Following up the small group activity I described last week (“Reverse-Engineering a Scholarly Article”), I developed a similar classroom exercise this week. The new activity was a “scavenger hunt” designed to help the same students become more comfortable using footnotes.
(I’m asking this class to use footnotes to cite the sources in their final projects, and I was aware that some students had very limited exposure to this form of scholarly architecture.)
I based the activity on Steven Watts’s article “Walt Disney: Art and Politics in the American Century,” which was published in 1995 in the Journal of American History.
I printed enough copies of Watts’s article for each student to have one—but with a catch. Each student would have only part of the article. They would have to pair up to compare their versions. Some students got “Version A,” which included the first half of the main body of the article. Others got “Version B,” which included the second half. Both versions included the introduction and conclusion.
This was my way to make sure the activity would involve plenty of interaction.
Continue reading “How Footnotes Work: A Scavenger Hunt”
A couple of weeks ago, I tried a simple new activity. The students in this course, all first-year undergraduates, are working on original research projects. One student had asked me for practical advice about how to outline their history paper—an essay that will be longer than anything they’ve ever written before. I came up with this activity for a subsequent class meeting. As I expected, the activity took an entire 75-minute period.
First, I located a scholarly article that seemed appropriate in various ways. I was looking for something with a reasonably accessible subject matter and writing style, clear organization, and some identifiable relevance to our course. I also wanted the article to be of moderate length: not overwhelmingly long, but not too short, either.
I settled on Shannen Dee Williams’s “Forgotten Habits, Lost Vocations,” an important article published in 2016 in the Journal of African American History. Among its many other virtues, this text would be relevant to our university’s ongoing mission-and-heritage-month celebration. (This college isn’t affiliated with the IHM sisters, who are the focus of Williams’s article, but it is affiliated with a different Catholic teaching order.) I was also pretty sure some of my students would find it very interesting on its own terms. And it would let me talk a little about how scholarship develops over time; Williams has a book coming out soon, and that book will incorporate material from this article into a larger story and argument.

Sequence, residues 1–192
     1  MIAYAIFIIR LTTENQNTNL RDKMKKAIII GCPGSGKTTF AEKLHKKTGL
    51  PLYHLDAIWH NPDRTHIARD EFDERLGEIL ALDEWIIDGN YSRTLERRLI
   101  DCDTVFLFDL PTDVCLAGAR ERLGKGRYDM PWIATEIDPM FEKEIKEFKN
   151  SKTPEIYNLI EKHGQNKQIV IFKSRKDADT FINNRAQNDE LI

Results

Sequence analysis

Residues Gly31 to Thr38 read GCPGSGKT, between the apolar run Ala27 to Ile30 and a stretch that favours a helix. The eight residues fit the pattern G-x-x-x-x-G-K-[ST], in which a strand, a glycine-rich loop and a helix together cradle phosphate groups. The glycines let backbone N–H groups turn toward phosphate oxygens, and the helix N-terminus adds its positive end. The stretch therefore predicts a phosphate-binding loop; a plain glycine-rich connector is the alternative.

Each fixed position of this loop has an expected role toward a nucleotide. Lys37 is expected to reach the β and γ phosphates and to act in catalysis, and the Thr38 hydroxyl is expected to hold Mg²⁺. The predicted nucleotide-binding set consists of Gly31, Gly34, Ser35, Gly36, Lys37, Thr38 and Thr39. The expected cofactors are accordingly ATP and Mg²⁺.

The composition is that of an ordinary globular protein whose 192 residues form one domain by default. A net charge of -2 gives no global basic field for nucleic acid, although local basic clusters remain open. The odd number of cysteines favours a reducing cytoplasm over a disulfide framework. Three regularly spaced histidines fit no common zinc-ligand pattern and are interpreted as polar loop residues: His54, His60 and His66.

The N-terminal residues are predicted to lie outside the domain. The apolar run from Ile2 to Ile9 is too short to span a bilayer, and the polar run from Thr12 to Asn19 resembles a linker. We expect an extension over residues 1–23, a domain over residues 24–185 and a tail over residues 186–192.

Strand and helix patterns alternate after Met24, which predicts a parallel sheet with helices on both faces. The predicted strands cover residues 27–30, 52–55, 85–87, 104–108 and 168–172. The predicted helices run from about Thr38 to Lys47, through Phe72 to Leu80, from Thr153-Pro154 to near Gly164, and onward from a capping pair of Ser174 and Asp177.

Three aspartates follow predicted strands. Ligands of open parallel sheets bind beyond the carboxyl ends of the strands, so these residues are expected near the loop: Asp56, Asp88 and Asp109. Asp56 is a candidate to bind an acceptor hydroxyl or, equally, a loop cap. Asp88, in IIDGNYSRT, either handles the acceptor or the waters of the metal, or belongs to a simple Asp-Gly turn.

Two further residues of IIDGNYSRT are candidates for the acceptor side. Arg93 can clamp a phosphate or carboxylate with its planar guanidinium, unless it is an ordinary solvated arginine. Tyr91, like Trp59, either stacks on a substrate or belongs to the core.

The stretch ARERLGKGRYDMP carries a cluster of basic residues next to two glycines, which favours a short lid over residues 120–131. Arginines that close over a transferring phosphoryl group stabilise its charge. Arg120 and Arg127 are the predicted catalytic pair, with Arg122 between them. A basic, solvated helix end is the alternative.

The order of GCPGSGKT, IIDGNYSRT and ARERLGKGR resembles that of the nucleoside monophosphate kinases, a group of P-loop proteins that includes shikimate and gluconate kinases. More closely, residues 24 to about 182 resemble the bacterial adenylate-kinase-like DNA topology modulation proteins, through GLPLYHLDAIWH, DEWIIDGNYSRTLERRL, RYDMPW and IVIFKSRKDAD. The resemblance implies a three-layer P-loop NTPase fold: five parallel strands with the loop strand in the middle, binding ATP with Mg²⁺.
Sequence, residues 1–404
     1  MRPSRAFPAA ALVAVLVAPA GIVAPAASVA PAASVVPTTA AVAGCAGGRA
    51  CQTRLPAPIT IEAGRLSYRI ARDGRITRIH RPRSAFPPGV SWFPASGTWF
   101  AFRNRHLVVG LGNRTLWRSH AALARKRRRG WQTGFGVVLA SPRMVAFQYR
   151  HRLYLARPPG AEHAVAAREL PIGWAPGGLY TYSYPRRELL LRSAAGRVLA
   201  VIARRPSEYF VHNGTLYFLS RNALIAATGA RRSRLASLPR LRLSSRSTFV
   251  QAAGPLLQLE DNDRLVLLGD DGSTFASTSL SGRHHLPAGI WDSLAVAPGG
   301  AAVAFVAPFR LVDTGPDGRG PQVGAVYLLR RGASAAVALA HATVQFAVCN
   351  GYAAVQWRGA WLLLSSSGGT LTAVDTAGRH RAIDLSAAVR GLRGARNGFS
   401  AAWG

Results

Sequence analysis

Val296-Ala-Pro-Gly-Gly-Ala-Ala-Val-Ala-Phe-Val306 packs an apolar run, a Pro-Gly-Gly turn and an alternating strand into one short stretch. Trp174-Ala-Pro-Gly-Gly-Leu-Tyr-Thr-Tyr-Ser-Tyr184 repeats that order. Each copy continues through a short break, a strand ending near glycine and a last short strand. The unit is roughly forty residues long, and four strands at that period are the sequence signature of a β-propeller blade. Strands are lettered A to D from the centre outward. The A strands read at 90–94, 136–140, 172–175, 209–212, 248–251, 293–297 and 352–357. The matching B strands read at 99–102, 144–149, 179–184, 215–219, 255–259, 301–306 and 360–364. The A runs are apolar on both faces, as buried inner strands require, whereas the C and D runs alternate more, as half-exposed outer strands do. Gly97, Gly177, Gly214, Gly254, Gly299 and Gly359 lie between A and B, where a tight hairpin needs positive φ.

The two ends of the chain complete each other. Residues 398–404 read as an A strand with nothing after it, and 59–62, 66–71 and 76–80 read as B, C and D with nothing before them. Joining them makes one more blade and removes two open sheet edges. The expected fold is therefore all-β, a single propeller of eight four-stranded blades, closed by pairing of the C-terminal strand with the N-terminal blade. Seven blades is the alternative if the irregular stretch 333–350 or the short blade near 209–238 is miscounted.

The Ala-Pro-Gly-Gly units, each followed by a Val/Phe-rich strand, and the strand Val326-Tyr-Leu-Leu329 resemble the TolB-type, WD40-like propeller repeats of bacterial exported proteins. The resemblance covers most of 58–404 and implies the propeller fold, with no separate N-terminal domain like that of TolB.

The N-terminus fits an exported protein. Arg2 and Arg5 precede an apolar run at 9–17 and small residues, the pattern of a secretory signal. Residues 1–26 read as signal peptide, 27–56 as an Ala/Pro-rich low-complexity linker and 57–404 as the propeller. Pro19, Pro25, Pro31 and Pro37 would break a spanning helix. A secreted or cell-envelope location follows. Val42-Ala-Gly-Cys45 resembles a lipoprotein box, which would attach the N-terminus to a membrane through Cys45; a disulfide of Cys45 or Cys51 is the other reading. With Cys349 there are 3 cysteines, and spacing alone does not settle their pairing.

I printed and stapled a copy of this article (double-sided, two pages per side) for each student. Then I prepared a set of directions.
Continue reading “Reverse-Engineering an Article: A Small Group Activity”
At the U.S. Intellectual History Blog, I have a post today about Wilfred McClay’s 2019 United States history survey textbook Land of Hope: An Invitation to the Great American Story, along with the teacher’s guide co-written by John McBride. My essay is a companion to a more thorough review by Thomas D. Mackie last week.
We wrote our responses independently, but Mackie and I came to similar conclusions about what the book does right, what’s missing from its picture of U.S. history, and what we find strange about its understanding of the history teacher’s job.
The question my response poses, though not in these words, is this: Why do McClay and some other historians seem to think we are “condescend[ing] toward the past” when we teach history as if people made choices, they could have made different choices, others disagreed with their choices at the time, and their choices mattered?
Today, Vox published my first-person essay about safe spaces and trigger warnings. There’s a lot more to say—including some things that were actually in the longer draft. But I think what I wrote is a pretty good encapsulation of the reasons that I (and a lot of other American college instructors) find the current public discussion of these topics to be misdirected.
Here’s what I see as the heart of the matter:
None of them asked for a trigger warning. None asked for a safe space. If they had, they would not have been avoiding ideas. All my students have ever requested is a way to keep engaging with the content — all the content — of my courses, in spite of setbacks. In other words, they want to finish the work they started. …
Whether the debate over trigger warnings involves criticism within the academy or attacks from outside, it has contributed to popular clichés and ideological grudges that have little to do with what most students learn. Its stereotypes about students are mostly slander. Worse still, it promotes cynicism and closes minds.
This spring, I’m adding a new course to my repertoire. It’s a single-semester class called Composition. The advanced track of a first-year writing requirement, it focuses not on basic prose but on rhetoric, or “making effective contributions in writing to intellectual discussions, academically and in other cultural settings.”
In other words, this course will initiate new undergraduates into academic rationality.
This is exciting. No, that’s not strong enough. Planning this course is really, really fun.
Continue reading “Building a First-Year Writing Course”